But no marriage should be taken for granted. Not even after 3,500 years. When a bridegroom offers his new wife a ring as a sign of commitment, he knows that this is only the first installment of an ongoing pledge. No marriage can endure if both partners do not constantly reinvest in their relationship. The moment a marriage is counted in years rather than marked by shared striving for new opportunities, it has come to an end. Only a mission – a common dream – can sustain a marriage, and only something greater than it will allow it to succeed. To paraphrase Aristotle, marriage is a single soul dwelling in two bodies. But a soul that has lost its purpose has lost itself.

Ironically, a significant part of the people of Israel today are struggling to stay spiritually wed to their land. Rampant materialism, secularism and religious fanaticism have eroded Israel’s sense of Jewish identity and the historical consciousness that gives meaning to its national existence. Growing numbers of its people lack Jewish self-understanding and question why they should live in this country at all. It is true that the wonderful Israeli soldiers are ready to sacrifice their lives for our country. But how long can this continue when Israel is nothing more than just a country? People are willing to die only for that by which they have lived. And human beings can live meaningful lives only when they know that there is something eternal worth dying for.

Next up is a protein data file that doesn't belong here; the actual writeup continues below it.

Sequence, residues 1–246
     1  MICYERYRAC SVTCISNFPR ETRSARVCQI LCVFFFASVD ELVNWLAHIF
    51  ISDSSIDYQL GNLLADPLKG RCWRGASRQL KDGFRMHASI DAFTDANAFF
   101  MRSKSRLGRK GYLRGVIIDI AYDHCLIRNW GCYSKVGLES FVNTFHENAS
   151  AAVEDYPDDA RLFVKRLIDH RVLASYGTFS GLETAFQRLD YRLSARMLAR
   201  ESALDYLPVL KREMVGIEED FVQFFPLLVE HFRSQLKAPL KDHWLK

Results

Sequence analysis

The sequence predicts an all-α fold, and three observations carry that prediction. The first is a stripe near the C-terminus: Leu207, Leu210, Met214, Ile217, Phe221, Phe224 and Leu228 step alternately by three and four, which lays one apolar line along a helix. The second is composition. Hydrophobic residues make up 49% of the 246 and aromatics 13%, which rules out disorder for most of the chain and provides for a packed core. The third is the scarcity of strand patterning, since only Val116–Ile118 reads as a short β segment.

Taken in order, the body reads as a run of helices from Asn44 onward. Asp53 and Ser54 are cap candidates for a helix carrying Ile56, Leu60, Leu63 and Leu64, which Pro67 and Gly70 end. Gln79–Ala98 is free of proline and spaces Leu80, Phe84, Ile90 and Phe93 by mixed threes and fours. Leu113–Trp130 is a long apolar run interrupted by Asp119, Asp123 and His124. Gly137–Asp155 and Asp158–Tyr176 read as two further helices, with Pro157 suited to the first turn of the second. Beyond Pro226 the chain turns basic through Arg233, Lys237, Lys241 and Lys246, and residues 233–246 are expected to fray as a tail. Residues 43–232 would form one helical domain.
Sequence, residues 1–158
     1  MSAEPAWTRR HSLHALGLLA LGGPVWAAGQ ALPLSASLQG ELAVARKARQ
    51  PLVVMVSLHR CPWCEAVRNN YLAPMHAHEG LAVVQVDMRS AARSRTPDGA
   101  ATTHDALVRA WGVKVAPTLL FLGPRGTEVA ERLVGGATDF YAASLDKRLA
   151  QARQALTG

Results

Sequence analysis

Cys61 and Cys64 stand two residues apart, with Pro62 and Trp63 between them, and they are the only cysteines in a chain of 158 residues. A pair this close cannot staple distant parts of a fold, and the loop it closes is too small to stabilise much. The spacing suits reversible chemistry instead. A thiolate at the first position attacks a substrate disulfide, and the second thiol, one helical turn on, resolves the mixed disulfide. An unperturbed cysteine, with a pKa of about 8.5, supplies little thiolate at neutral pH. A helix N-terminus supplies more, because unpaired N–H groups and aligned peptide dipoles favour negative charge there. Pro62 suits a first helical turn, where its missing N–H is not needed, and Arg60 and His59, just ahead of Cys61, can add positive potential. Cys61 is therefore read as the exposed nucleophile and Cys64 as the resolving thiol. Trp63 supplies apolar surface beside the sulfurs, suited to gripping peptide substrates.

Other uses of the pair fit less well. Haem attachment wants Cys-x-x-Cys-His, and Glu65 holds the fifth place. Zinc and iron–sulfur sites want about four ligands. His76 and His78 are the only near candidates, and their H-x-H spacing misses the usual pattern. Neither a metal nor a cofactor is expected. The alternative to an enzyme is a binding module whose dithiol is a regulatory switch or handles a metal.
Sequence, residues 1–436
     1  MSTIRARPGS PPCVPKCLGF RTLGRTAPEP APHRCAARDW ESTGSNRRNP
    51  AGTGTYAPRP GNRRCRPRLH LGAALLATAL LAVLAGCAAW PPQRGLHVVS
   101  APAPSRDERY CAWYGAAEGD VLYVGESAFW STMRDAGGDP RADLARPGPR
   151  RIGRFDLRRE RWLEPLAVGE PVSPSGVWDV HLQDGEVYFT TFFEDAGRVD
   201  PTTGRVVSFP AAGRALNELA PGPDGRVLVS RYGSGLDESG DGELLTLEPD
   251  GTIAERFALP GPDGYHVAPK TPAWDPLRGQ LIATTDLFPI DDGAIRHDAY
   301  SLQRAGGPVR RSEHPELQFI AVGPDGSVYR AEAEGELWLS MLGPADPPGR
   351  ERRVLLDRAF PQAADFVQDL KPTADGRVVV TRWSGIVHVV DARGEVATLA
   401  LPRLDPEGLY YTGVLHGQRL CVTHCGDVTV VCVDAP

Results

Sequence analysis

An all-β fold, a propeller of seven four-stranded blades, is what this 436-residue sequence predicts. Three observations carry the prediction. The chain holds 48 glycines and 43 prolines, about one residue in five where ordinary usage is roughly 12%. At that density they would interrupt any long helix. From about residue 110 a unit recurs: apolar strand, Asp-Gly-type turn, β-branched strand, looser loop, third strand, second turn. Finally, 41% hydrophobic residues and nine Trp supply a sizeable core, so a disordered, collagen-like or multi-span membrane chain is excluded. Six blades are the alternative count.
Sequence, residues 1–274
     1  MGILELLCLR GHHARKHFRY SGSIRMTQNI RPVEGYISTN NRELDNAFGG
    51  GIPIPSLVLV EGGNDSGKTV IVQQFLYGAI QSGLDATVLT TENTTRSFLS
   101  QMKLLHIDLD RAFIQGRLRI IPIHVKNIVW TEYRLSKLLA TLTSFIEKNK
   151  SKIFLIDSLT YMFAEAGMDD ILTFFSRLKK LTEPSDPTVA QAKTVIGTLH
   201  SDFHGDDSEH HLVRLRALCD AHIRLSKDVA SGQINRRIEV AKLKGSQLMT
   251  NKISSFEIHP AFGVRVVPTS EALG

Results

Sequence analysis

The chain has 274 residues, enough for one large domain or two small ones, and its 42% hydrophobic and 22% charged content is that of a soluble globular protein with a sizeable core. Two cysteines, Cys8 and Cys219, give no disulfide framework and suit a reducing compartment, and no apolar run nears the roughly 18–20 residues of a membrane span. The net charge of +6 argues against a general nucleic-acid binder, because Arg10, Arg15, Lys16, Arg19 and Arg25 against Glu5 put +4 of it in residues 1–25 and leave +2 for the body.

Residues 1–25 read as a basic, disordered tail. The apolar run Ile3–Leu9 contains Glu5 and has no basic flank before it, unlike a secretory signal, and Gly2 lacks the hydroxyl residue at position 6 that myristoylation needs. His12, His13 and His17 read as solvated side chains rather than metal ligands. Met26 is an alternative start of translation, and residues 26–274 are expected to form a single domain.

It is thus crucial to identify the element that has bound the two partners together for these thousands of years. And that element is, unequivocally, the mission to be “a light unto the nations,” as pronounced by God to the prophet Isaiah. The marriage was created to give birth to a wellspring of religious and moral teachings that will suffuse mankind with the knowledge that life is holy and that God awaits man’s response to His call in order to redeem His world.